Boris Johnson is under growing pressure to publish a letter from Lord Christopher Geidt explaining why he is stepping down as ethics adviser to the prime minister.
The government released a brief statement on Wednesday night announcing that the adviser had resigned from the role, without explaining his reasons for doing so.
However, Geidt, the Queen’s former private secretary, is said to have written a full letter explaining why he stepped down after just 14 months – something ministers have so far refused to make public.
A government spokesman hinted Wednesday night that Geidt had dropped a “commercially sensitive” issue he had been asked to arbitrate.
“This week, the independent adviser was asked to advise on a commercially sensitive matter of national interest that has previously enjoyed multi-party support,” he said. “No decision has been made pending that advice.”
The opposition Labor Party was given an urgent question in the House of Commons on the matter on Thursday.
Caroline Lucas, the Green MP, said it was unusual for the government not to publish an exchange of letters giving the reasons for her resignation. “We need to see Geidt’s resignation, there can’t be a good reason to cover it up,” she said.
Chris Bryant, chair of the parliamentary committee on standards, said: “The government must publish Lord Geidt’s letter today.”
Dominic Raab, deputy prime minister, told BBC’s Radio 4 Today program where he couldn’t discuss the letter because he hadn’t seen it. He suggested that a more detailed explanation be published from Downing Street later in the day.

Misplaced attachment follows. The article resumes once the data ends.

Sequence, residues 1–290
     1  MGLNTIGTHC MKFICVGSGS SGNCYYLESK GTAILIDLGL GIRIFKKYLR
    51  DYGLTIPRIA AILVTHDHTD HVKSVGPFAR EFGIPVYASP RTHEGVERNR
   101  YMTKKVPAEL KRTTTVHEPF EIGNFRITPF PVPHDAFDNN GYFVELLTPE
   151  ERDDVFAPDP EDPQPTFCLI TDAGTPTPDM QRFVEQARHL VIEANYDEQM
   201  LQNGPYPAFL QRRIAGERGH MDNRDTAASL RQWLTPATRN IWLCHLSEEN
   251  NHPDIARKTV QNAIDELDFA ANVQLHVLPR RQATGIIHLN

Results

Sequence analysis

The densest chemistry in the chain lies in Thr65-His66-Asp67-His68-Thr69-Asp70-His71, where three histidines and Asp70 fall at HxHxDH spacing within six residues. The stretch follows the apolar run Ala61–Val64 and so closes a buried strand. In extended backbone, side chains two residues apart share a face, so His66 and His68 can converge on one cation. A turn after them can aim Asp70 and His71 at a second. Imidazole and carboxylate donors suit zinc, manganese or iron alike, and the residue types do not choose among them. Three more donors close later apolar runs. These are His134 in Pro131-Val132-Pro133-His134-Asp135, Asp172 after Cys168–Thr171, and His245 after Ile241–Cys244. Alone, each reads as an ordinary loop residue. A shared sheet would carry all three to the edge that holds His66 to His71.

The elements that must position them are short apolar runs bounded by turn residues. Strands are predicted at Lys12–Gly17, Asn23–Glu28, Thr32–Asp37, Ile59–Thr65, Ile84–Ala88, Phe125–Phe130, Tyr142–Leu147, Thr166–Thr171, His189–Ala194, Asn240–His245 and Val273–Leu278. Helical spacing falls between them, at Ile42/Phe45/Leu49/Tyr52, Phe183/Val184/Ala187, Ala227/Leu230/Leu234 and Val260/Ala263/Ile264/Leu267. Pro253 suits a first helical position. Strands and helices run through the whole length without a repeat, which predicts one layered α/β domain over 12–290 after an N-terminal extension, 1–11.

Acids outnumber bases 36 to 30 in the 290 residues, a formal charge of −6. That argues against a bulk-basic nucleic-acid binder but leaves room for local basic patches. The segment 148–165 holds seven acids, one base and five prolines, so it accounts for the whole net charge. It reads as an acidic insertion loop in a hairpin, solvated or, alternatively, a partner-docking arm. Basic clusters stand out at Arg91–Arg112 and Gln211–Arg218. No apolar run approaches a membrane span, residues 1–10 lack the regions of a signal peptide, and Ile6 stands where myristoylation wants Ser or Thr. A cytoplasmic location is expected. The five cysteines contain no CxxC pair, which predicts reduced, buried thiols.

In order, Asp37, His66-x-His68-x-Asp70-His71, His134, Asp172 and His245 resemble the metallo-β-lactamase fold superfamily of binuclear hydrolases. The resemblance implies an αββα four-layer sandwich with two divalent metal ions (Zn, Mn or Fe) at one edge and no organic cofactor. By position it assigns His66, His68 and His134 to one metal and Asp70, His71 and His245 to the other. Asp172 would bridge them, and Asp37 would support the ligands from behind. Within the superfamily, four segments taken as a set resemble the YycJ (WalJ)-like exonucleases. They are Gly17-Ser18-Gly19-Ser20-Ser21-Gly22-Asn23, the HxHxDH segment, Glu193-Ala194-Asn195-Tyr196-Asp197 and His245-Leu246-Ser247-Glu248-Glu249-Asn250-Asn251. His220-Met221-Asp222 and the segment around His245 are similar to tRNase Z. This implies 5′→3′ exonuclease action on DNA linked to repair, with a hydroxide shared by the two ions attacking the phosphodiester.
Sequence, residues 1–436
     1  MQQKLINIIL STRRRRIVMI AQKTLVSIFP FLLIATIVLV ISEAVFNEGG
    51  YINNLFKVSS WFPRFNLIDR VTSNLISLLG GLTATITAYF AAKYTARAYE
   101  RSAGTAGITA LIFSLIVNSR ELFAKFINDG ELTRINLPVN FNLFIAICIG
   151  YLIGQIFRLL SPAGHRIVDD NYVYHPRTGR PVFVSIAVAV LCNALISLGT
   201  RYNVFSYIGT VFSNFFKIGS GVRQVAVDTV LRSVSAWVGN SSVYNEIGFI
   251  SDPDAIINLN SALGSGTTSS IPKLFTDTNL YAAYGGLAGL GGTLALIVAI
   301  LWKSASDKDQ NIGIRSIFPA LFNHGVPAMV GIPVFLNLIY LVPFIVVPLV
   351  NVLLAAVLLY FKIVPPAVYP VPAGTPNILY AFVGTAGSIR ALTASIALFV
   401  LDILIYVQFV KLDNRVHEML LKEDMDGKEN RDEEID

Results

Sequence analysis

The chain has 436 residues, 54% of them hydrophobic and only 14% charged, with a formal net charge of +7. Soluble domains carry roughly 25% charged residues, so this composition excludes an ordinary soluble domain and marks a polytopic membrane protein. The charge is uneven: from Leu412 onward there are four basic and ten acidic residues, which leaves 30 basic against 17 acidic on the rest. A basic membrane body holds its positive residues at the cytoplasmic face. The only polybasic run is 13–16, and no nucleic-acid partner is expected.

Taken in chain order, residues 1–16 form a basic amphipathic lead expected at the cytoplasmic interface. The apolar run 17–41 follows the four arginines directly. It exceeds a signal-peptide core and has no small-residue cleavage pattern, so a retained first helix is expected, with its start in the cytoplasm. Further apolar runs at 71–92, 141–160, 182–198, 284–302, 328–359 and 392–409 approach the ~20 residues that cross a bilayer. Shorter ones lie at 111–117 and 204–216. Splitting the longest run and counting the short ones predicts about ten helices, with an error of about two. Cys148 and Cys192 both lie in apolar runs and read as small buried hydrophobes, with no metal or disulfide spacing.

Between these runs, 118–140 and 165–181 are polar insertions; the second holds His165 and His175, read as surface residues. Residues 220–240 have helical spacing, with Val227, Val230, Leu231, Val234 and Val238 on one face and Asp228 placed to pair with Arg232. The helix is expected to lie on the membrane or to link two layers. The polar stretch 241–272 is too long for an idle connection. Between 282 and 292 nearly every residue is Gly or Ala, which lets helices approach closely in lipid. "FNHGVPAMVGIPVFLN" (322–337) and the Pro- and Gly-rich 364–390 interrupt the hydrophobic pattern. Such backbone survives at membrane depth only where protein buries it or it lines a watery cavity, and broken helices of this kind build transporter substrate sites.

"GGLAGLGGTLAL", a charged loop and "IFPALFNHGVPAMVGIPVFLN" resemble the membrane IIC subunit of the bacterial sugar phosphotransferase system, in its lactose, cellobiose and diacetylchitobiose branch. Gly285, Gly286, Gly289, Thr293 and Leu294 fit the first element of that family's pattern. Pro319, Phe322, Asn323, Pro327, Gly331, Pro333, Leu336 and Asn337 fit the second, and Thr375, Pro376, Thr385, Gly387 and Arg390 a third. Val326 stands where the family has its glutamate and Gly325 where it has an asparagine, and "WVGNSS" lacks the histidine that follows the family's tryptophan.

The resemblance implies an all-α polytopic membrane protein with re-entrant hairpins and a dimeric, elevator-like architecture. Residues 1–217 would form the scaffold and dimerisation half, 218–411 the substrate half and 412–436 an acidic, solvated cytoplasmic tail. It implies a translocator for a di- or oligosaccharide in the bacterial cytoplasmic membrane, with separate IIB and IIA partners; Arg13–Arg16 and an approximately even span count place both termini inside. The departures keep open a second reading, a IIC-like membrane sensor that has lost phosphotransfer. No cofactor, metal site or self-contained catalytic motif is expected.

Raab said that earlier this week, Geidt was discussing keeping his role for another six months. “So I don’t know and you don’t know the personal circumstances or those issues and I don’t really want to speculate on that,” he said. “But there will be an extra update of Number 10 today and all I can go on, like you, is the rather succinct quote he gave.”
Lord Geidt is the second ethics adviser to step down under Johnson’s prime minister and did so a day after expressing his “disappointment” over the “partying” in which Downing Street gatherings broke the restrictions of Covid-19.
Geidt’s resignation took the government by surprise and his departure will raise further questions about Johnson’s conduct and the general standards of his administration. The departure comes a week after he survived a confidence vote among Tory MPs by 211 votes to 148 votes.
The adviser said this week it was “reasonable” to conclude the prime minister had violated a ministerial rule for parties to lock down Covid-19.
Geidt’s predecessor, Sir Alex Allan, resigned in November 2020 after Johnson failed to act after he published a critical report about alleged bullying by Priti Patel, the home secretary.
The advisor was hired by Johnson in April 2021 and lasted over a year on the job.
Geidt’s first assignment was to investigate the financing of the renovation of Johnson’s 10th flat. He has been criticized for not being thorough enough in examining the prime minister’s claim that he was unaware that the funding was coming from a Tory donor.
Asked by the Commons public administration committee on Tuesday, Geidt admitted: “How can I beat the impression that it is a cozy relationship, not independent enough? It is very difficult. But I’m trying my best to work with what I have.”
He describes himself as “the prime minister’s property. . . rather than a freelance orbiter”, although he feels Johnson has given him new powers to start his own investigations.
Geidt has said it is “reasonable” to suggest Johnson may have violated a ministerial rule when he was fined in the partisan scandal. He told MPs that the “ordinary man or woman” could conclude Johnson had broken the rule, since he had received notice of the fixed penalty. The Code requires ministers to comply with the law.